I wanted to cover some companies that may not be the cheapest in the world but still would confuse those efficient market experts out there for being relatively inexpensive based on some future projections.
I also think that mentioning other ideas that are worth owning going forward probably won't dilute my reputation of being aggressively cheap. I will tell you how I see it. It's always fun to take a look at companies from various value perspectives.
By staying on your toes, you can see the best values in less time and take better advantage of them. And so, we begin a quick holiday series that I'll try to make at least a little bit interesting. I want to teach the idiosyncrasies that differentiate forms of fundamental investing.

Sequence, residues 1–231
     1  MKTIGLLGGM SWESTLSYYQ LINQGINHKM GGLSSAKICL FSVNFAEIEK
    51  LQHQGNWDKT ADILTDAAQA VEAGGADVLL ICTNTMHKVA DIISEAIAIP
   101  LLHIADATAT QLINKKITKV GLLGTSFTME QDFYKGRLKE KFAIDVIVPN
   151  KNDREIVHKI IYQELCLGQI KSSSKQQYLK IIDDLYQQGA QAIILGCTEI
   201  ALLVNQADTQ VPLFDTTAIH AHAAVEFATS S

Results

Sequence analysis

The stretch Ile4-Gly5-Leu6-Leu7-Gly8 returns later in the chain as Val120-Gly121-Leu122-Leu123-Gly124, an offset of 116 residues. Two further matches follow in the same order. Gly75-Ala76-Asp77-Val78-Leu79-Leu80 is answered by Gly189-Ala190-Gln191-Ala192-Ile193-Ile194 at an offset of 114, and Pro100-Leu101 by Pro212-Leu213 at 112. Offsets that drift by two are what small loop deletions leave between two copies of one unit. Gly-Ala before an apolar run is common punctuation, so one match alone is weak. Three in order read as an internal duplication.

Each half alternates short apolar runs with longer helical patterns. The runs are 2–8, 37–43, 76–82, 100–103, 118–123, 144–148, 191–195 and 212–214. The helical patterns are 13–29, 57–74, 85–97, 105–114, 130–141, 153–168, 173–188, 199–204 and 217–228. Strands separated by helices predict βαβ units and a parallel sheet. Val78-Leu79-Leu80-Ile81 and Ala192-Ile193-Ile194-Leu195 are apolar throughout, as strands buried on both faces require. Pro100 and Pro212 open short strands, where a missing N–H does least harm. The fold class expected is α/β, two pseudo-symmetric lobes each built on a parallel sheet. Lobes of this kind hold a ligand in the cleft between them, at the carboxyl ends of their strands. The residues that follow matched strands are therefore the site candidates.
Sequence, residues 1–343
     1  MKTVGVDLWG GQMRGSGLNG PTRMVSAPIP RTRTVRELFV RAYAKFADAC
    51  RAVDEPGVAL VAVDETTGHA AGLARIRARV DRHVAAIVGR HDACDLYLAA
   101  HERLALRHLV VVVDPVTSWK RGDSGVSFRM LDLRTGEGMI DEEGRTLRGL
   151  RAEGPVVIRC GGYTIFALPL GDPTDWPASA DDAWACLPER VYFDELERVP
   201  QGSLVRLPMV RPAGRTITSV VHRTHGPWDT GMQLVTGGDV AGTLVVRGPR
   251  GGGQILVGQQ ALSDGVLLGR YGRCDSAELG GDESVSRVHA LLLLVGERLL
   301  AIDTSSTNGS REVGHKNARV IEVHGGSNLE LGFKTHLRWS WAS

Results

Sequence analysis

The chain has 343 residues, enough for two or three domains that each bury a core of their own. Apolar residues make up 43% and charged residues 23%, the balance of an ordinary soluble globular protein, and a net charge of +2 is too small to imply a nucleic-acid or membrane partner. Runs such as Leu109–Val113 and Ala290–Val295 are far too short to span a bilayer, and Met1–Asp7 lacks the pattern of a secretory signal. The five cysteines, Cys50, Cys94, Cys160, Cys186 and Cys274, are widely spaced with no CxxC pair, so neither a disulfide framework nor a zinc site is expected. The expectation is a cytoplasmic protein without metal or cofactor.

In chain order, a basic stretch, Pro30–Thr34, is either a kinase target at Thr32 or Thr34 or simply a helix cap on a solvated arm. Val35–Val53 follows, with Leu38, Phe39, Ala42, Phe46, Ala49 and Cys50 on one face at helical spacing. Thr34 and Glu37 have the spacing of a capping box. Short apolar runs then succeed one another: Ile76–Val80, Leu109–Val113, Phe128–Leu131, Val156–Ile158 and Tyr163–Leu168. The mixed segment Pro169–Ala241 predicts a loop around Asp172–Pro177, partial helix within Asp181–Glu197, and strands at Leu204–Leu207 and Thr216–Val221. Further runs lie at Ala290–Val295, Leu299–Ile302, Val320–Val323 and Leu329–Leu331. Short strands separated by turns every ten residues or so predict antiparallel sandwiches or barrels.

One of the first lessons my mentor Doug Hall taught me was that earnings only count if they follow from revenue. On my search for the ideal investment, I've encountered many companies that don't have revenue, a handful of which have earnings that come from who knows where. After earnings comes the growth of those earnings. There are different types of growth that I find appealing.The first type of growth most enthusiasts try their best to find by using stock screeners. It's that predictable variety that appears to persist through time and hopefully continues into the future. So, what do you do when a company projects 50% revenue growth for each of the next three years? If you know how to read a financial statement, you might even notice the company is making money and is fairly inexpensive based on those projections. Care to learn more? Check out Yongye International (YONG). Off you go. Note my positive sentiment on the booming Chinese agriculture industry.